Continuity of care is the key principle which runs through everything doctors do at the Elmswood surgery in Sherwood, Nottingham.
During the course of one morning in January, Irfan Malik – one of the six partners at the practice – sees patients he has been treating for decades, families whose stories he knows like his own, and even one young adult he first assessed during her baby check 22 years ago.
That continuity is not just a relic of the profession’s past fortunately preserved here – it has been carefully cultivated with partners.
The 9,000-patient practice is solely doctored by the six partners and registrars in training, who fight to prioritise a culture led by staff wellbeing and the relationship between patients and doctors.
‘We call it an old school method,’ Dr Malik says. ‘We are probably atypical because we’ve got no vacancies – so many places are under-recruited. We are very lucky and over the years we’ve built up an excellent rapport with the patient population.’
The results of continuity are clear in this residential area, just north of the city centre: rates of admission to hospital are relatively low, even though the population here is ageing and patients are managed in primary care for longer with low referral rates because each partner specialises in interventions which would often be carried out in secondary care.
Beyond that, Dr Malik says doctors here are rarely abused and relationships with patients are excellent, despite concerning trends elsewhere in the country. The mainstream media – and government – narratives about general practice could not feel any further from the truth in Dr Malik’s consultation room.
‘I know we are losing that continuity around the country, but luckily we’ve got it here. And as well as the medical side of things I enjoy the banter and the conversation, too… Talking to them about the football or the cricket is why I’m here as well.’
We’ve built up an excellent rapport with the patient populationDr Malik
Dr Malik adds: ‘We hardly get any people kicking off here. The receptionists may have a slightly harder time because they have to put people into appointments but generally the patients are lovely.’
Evidence for the benefits of continuity of care is not difficult to come by, but anecdotally the effect is clear here, too. During the course of 16 patient consultations in one morning Dr Malik is able to deal with incredibly complex patient stories efficiently, but also with great humanity – his understanding of the histories and characters of his patients combined with a genuinely caring and inquisitive disposition, ensures discussion around, and reassurance over, a number of issues to take place in the space of just 10 precious minutes.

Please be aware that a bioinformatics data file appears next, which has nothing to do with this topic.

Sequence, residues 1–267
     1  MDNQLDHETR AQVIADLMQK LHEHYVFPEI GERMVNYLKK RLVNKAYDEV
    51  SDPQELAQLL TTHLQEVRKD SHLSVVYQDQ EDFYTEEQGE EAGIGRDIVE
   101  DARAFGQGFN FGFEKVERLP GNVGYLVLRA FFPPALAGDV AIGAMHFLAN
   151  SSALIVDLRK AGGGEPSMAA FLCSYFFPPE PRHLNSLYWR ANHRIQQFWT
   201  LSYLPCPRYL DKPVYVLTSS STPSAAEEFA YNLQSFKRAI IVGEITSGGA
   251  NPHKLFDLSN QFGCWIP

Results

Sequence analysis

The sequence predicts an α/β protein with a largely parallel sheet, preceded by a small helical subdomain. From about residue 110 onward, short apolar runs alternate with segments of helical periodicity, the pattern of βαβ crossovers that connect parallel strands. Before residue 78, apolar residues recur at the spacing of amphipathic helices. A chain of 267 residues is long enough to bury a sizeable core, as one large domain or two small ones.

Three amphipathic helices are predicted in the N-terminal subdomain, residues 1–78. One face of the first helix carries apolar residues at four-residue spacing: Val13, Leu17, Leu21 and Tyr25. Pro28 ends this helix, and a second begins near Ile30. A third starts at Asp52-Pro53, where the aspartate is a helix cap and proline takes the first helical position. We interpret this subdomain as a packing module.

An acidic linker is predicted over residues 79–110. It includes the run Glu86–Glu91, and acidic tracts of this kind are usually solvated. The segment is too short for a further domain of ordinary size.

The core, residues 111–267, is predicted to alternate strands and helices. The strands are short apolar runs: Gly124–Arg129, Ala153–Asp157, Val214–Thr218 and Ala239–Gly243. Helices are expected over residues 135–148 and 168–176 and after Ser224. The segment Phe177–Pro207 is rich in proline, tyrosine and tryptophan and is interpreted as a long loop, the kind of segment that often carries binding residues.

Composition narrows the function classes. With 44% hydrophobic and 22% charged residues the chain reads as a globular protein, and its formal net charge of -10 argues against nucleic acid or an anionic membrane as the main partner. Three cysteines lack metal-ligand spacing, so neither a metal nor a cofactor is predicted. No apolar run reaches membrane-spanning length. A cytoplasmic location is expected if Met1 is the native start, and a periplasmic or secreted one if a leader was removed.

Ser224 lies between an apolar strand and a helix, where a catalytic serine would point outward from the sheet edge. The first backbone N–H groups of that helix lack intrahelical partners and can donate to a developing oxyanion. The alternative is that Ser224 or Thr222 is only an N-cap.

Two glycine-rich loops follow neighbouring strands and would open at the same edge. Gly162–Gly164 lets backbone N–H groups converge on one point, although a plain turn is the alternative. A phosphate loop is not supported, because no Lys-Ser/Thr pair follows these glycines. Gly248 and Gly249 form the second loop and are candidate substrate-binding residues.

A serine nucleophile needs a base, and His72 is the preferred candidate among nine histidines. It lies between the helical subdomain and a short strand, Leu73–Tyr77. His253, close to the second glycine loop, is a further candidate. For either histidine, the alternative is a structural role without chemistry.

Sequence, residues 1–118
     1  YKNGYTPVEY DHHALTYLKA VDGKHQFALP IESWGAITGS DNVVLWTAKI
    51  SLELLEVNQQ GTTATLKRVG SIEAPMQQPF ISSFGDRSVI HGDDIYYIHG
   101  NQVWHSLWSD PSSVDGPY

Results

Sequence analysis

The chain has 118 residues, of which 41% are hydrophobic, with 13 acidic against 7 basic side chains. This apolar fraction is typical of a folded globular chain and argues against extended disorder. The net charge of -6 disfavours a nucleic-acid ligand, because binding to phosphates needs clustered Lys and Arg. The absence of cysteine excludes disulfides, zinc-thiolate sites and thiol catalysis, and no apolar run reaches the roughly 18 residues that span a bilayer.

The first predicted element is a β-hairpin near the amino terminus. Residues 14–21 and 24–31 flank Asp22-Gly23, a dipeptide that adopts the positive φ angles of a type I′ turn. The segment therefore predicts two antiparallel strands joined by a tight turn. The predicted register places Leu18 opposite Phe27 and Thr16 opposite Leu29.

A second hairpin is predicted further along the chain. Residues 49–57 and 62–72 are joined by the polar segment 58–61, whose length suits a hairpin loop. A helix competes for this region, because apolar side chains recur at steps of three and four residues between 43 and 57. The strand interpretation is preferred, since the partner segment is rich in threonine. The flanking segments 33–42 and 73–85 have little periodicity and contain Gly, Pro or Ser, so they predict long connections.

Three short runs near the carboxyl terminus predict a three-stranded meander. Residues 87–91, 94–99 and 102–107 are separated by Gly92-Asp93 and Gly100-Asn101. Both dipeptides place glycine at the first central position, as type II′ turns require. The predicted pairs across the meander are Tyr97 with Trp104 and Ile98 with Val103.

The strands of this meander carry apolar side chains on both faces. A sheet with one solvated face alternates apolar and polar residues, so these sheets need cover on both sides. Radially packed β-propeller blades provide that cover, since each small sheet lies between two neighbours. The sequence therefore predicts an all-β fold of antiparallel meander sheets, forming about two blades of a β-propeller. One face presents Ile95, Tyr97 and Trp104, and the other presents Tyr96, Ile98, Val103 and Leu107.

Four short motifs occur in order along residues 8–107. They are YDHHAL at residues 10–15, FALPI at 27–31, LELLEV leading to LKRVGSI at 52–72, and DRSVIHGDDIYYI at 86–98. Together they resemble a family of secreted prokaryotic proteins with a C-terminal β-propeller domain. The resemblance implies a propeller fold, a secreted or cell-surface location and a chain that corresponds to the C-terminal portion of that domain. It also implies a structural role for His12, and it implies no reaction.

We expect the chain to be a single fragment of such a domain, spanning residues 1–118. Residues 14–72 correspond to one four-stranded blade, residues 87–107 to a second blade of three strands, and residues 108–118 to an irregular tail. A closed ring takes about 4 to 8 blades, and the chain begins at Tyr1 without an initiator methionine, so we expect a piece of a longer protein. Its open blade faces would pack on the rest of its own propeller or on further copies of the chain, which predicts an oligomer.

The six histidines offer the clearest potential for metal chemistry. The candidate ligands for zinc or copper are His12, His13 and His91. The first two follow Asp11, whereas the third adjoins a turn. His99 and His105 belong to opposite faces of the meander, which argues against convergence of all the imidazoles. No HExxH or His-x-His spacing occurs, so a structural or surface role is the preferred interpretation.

Breadth of expertise
On this freezing January morning the breadth and complexity of the patient caseload is astounding to the lay person.
Dr Malik sees an older couple wanting to discuss the husband’s Parkinson’s, potential DNAR instruction, recent bout of COVID, and potential palliative care for a cancer diagnosis.
Another patient needs help deciphering the results of a number of tests relating to a recent stroke and support with wider agencies such as the DVLA. Some patients are less complicated – coughs and colds dealt with over the phone and in person, a likely golf-related knee injury and blood pressure reviews among others – but each is clearly left feeling more empowered and less anxious.
I enjoy the banter and the conversation. Talking to them about the football or the cricket is why I’m here as wellDr Malik
These patients would be much worse off without this continuity of care, and the wider system is already struggling to cope – it is not in a position to take further responsibility for people in this area.
In February, Nottingham’s hospitals stood down a critical incident not because pressure had eased but because the crisis was so consistent and prolonged they could no longer have a significant effect by escalating to the most severe alert level.
Hanging by a thread
The model in Sherwood clearly works, but the truth is that continuity, and the successes it brings, are fragile concepts.
Dr Malik says the winter of 2022/23 has been easily the toughest in his three decades in the profession - and each urgent, same-day, appointment required means the management of longer-term issues is pushed back.
On top of that, punitive pensions taxes means doctors such as Dr Malik are actively considering their futures in the short and medium-term and just one or two GPs leaving this surgery could destabilise everything.
He says that continuity would instantly ‘begin to wobble’. Dr Malik is clear this is a crucial year for his surgery and for the wider profession and system.
Ministers, he says, need to show ‘real political will’ and a genuine commitment to both general practice and wider issues like social care, or patients will suffer the consequences.